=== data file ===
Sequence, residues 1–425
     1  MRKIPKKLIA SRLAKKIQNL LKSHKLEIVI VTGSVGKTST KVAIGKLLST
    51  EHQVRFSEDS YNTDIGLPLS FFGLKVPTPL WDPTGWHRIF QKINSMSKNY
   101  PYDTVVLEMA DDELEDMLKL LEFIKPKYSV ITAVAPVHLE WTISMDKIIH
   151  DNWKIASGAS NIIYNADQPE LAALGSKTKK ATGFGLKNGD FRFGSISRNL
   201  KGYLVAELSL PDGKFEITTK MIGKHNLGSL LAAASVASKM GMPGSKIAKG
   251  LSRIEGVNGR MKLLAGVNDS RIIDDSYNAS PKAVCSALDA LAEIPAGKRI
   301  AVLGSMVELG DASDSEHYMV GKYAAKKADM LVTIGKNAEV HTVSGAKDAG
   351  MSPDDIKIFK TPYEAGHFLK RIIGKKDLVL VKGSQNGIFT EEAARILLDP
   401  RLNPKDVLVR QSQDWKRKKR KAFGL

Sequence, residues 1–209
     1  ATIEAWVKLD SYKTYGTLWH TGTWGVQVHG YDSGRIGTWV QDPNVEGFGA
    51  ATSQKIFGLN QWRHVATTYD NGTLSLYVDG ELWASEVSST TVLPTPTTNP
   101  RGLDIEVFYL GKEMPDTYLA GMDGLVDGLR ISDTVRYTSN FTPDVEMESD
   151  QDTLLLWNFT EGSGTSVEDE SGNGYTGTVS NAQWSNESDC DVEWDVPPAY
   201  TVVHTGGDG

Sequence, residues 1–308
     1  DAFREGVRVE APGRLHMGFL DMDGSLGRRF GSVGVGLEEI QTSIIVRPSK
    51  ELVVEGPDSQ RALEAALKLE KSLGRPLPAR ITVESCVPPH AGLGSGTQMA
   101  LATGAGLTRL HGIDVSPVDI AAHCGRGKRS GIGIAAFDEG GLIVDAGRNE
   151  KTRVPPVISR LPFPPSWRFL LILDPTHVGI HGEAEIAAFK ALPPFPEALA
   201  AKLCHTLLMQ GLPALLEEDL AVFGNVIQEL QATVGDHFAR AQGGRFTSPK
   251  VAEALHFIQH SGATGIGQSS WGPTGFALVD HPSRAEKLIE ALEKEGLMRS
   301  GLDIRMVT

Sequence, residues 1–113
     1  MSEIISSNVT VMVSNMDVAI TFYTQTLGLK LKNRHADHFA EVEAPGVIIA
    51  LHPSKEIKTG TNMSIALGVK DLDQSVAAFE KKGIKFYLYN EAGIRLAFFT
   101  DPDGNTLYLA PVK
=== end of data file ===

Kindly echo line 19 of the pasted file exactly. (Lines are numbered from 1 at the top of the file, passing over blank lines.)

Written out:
    51  ELVVEGPDSQ RALEAALKLE KSLGRPLPAR ITVESCVPPH AGLGSGTQMA